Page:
### How often does a computer (CPU and RAM) make mistakes?

I'm a hobby programmer currently studying actuarial science, so this seems like a logical question for me to ask! We all know that CPUs are highly accurate and have some degree of error correction of internal analogue signals (ie currents between transistors) and even redundant systems, but what is the probability that those will fail? While this is not a pertinent question for the every-day programmer (the fail rate of a CPU is probably infinitesimal for every-day considerations), I find it interesting nonetheless. Let's base the question on an example;

Suppose we have a binary operation:

 ``1234`` ``````bool a = true; bool b = false; bool test = a == b;``````

What is the probability of `test` being assigned a values of `true`? That is to say, what is the probability that it will incorrectly assign the values or stuff up the boolean test? I'm looking for an answer in terms of a sigma event number or probability (ie. On average, how many times do I have to run this program before it gets it wrong?).

Let's assume some typical 64-bit PC architecture.

Does anyone have experience / thoughts on this?
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I'm pretty sure an optimizing compiler will realize that test is `false` and will hardcode it thusly.

Also don't take my word for it but again I'm pretty sure that errors that happen in the CPU are more likely due to flaws in the design than anything else.

Memory chips on the other hand may produce errors which are corrected by means of ECC.
http://en.wikipedia.org/wiki/ECC_memory

 On average, how many times do I have to run this program before it gets it wrong?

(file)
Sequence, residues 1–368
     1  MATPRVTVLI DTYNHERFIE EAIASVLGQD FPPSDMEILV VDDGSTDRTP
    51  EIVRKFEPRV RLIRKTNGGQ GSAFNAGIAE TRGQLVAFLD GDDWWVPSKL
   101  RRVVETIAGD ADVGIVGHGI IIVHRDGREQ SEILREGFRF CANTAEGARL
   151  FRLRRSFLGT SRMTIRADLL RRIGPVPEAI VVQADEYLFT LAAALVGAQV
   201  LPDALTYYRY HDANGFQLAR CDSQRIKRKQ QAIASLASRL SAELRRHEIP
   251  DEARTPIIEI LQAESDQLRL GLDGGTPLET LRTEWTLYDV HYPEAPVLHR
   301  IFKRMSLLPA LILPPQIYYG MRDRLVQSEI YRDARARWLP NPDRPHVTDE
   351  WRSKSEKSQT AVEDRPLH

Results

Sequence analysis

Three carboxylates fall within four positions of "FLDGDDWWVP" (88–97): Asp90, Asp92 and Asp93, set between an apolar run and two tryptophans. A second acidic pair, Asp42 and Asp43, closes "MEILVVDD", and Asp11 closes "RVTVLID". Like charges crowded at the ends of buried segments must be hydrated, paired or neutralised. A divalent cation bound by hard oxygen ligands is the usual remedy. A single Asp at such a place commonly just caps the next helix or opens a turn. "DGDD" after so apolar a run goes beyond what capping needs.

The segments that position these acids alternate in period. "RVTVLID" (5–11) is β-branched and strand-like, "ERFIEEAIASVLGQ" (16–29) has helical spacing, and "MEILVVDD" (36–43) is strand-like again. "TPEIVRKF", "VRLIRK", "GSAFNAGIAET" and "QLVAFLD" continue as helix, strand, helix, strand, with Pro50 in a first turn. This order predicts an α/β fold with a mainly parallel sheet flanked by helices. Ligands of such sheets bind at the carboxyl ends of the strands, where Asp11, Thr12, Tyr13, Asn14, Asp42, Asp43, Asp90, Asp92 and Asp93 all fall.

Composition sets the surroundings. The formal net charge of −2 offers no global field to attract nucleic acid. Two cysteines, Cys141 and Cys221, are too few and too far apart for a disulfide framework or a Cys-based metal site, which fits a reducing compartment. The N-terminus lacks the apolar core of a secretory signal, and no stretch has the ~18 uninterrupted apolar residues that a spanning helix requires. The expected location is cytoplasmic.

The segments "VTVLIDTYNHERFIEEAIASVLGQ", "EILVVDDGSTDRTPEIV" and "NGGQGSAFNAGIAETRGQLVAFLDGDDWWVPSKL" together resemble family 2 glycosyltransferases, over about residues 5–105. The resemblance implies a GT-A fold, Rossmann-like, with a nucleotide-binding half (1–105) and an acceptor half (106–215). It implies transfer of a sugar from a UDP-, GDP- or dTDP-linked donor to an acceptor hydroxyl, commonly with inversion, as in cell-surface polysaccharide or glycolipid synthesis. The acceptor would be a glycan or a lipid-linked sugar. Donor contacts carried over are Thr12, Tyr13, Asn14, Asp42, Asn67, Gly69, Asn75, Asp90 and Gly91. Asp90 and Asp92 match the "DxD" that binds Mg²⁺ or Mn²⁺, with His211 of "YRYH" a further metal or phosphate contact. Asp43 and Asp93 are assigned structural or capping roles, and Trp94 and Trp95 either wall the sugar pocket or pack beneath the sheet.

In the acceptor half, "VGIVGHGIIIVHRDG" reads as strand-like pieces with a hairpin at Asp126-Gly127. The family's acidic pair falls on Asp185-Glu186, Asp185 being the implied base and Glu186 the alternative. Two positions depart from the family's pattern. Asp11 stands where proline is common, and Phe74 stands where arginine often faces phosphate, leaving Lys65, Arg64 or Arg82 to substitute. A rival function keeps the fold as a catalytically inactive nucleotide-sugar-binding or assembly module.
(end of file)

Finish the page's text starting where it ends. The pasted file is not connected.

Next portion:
Well if you rewrite your code as:

 ``123`` ``````volatile bool a = true; volatile bool b = false; volatile bool test = a == b;``````

Then I guess it becomes possible for errors to creep in, but even then I'm pretty sure they'll be caused by memory and not CPU.

Unless the CPU caches act crazy... although they're not "regular" memory.
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I do remember seeing when the whole faster than light neutrino thing was going on, that they were looking at possible interference in chips from cosmic rays as a cause (at least, in some of the literature I read). This is a definite way to cause errors in a chip. But how often does a cosmic ray affect a calculation really?

IBM suggests in memory the answer is 'one cosmic-ray-induced error per 256 megabytes of RAM per month' ( http://www.scientificamerican.com/article.cfm?id=solar-storms-fast-facts). With memory being generally more susceptible to errors than the CPU and being larger than a CPU along with the fact that this would have to affect a part of a CPU at the time of calculation and affect the part of the CPU actually doing the calculation... I would expect the CPU errors caused by this to be significantly lower.

Sorry, no sigma results for you though. =/
> (ie. On average, how many times do I have to run this program before it gets it wrong?).

On a modern processor architecture, you are unlikely to ever see it get it wrong (the probability of that happening is infinitesimal). If it is a soft error, the processor will detect it and apply error correction, typically via retries; if it is a hard error, the system will halt - kernel panic (unix) or KeBugCheck (windows) - with an MCE.
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Relevant Wikipedia article:
http://en.wikipedia.org/wiki/Soft_error
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